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dc.contributor.authorZimmer-Gembeck, Melanie
dc.description.abstractTransactional associations of emotional sensitivity and coping with peer rejection were tested, whereby coping was expected to be a manifestation of sensitivity but also a player in the development of sensitivity. Early adolescents (N = 711, grades 5–7) completed three repeated questionnaires over 14 months. Using structural equation modeling, emotional sensitivity was indicated by depressive symptoms, social anxiety symptoms, and rejection sensitivity. Transactional associations between sensitivity and coping were found, with adolescents higher in baseline sensitivity reporting more social avoidance and rumination over time and, conversely, adolescents higher in avoidance and rumination increasing in sensitivity over time. Participants' histories of peer victimization and exclusion were associated with greater emotional sensitivity and more use of most coping responses, but did not have temporal associations with sensitivity or coping and were not a moderator of associations. Sex differences in sensitivity and coping were found, but there was no moderation by participant sex.en_US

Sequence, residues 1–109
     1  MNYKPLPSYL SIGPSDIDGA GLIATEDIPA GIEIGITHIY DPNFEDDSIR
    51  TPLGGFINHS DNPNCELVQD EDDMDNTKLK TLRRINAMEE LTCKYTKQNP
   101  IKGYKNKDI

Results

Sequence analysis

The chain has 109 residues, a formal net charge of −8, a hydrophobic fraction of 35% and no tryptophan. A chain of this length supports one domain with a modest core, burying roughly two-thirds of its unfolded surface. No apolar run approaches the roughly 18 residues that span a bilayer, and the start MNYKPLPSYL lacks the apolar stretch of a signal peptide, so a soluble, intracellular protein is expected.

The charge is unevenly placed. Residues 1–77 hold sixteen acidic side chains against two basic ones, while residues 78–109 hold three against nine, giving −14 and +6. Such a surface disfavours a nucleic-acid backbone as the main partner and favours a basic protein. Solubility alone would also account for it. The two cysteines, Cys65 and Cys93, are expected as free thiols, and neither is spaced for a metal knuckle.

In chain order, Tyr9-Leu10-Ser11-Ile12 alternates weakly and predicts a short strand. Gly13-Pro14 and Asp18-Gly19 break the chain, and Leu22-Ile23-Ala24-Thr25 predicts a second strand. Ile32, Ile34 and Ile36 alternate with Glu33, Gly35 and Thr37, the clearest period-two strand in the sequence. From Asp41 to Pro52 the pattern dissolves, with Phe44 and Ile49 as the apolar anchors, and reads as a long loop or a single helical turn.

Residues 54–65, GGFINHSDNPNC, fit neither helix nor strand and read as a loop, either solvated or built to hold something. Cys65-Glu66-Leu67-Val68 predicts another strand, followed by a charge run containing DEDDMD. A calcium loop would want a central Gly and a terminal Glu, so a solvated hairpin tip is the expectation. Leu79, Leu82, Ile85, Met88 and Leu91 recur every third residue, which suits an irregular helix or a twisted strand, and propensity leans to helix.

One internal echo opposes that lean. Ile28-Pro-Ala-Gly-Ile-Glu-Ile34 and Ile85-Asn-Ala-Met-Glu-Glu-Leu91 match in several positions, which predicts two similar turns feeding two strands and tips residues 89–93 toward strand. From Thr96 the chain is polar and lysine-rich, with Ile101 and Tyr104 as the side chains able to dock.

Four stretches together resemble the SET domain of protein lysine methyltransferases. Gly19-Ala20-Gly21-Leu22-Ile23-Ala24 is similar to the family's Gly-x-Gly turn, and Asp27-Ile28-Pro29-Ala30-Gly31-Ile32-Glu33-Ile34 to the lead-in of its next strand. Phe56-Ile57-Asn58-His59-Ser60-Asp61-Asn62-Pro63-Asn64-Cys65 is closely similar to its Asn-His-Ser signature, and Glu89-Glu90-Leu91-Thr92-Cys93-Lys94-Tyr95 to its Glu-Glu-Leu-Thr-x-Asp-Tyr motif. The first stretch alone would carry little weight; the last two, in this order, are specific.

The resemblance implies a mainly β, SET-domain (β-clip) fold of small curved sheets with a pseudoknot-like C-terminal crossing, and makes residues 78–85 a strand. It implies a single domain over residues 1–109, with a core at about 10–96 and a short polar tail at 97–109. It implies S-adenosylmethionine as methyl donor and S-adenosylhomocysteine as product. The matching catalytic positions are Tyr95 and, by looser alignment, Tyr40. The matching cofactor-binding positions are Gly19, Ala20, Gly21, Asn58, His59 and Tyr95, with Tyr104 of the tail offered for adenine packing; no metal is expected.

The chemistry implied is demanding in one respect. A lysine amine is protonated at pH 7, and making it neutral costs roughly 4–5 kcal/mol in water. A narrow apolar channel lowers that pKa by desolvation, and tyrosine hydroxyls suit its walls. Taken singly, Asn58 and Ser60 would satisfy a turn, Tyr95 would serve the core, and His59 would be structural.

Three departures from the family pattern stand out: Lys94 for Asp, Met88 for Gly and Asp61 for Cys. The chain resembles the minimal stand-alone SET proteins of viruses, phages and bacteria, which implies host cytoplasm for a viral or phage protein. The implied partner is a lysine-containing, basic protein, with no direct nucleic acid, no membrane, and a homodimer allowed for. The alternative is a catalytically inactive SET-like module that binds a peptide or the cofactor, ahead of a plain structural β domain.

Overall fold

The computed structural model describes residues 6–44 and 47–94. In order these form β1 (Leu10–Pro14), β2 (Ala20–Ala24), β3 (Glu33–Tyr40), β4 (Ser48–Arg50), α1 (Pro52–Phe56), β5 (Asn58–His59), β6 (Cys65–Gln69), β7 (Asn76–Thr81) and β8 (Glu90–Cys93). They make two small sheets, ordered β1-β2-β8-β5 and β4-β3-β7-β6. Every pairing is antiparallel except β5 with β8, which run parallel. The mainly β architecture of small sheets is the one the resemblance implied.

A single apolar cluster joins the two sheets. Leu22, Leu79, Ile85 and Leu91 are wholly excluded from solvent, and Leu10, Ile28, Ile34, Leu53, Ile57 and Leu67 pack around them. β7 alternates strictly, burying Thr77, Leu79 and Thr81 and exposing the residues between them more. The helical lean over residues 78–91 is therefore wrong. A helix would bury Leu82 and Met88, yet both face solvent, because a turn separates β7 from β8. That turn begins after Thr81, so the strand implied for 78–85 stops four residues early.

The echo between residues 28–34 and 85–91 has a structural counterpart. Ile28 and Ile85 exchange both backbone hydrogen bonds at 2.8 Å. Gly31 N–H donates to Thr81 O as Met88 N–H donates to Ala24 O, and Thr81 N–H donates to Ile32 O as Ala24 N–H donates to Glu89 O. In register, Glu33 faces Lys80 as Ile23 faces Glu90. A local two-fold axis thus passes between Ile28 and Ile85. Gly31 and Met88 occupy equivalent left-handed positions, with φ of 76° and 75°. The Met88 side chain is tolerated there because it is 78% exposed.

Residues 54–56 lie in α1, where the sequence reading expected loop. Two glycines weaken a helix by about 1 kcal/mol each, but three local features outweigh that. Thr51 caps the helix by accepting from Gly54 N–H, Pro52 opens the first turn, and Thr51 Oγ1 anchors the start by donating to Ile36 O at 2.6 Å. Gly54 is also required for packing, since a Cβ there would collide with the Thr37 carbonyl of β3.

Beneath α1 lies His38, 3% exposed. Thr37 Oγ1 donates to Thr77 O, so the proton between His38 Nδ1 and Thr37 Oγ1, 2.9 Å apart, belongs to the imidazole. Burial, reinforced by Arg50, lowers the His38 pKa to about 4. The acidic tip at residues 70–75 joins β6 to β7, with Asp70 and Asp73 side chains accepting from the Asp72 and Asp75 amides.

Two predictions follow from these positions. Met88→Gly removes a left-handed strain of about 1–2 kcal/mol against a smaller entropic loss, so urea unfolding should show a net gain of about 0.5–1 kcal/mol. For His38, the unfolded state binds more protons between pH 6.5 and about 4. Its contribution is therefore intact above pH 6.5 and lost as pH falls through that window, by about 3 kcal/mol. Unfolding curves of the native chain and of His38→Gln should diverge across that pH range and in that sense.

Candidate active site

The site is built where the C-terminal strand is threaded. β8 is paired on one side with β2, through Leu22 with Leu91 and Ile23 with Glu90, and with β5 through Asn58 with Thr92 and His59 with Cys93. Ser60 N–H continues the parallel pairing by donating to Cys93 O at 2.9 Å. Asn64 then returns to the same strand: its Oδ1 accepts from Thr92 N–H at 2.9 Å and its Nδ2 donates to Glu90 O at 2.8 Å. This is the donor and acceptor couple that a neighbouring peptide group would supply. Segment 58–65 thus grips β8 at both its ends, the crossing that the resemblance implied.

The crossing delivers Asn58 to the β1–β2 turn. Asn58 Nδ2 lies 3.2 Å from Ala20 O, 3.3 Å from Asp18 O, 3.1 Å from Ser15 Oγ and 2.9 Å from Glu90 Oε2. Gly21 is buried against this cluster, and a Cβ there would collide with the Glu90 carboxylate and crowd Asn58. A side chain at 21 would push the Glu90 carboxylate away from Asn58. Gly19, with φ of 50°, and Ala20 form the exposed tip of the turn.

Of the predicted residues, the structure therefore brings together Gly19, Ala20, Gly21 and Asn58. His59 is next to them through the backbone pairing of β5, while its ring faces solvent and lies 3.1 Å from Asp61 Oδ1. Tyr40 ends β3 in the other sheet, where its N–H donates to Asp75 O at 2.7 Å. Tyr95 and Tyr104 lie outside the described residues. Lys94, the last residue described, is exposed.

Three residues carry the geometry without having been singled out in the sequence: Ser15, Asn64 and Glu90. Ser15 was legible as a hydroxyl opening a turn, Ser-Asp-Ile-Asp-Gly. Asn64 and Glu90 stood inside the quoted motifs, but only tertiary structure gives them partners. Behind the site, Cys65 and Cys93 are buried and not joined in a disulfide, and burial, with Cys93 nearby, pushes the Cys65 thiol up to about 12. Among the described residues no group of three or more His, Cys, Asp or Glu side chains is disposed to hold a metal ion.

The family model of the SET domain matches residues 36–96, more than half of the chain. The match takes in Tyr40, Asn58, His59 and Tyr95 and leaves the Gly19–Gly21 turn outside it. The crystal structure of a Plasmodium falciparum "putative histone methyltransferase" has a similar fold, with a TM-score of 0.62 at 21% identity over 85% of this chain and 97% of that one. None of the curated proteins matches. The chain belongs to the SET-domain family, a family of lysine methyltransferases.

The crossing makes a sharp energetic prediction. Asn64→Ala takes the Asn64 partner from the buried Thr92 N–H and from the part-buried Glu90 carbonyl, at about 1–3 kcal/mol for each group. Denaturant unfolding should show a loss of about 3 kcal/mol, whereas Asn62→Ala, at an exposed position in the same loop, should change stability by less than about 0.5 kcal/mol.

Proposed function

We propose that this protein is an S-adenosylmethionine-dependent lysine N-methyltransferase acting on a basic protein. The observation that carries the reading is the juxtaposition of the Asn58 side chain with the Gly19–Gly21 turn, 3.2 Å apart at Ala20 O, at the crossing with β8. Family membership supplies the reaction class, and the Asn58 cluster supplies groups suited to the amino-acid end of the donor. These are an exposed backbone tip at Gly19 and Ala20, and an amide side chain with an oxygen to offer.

dc.relation.ispartofjournalJournal of Applied Developmental Psychologyen_US
dc.subject.fieldofresearchPsychology not elsewhere classifieden_US
dc.titleEmotional sensitivity before and after coping with rejection: A longitudinal studyen_US
dc.typeJournal articleen_US
dc.type.descriptionC1 - Peer Reviewed (HERDC)en_US
dc.type.codeC - Journal Articlesen_US
gro.facultyGriffith Health, School of Applied Psychologyen_US
gro.hasfulltextNo Full Text

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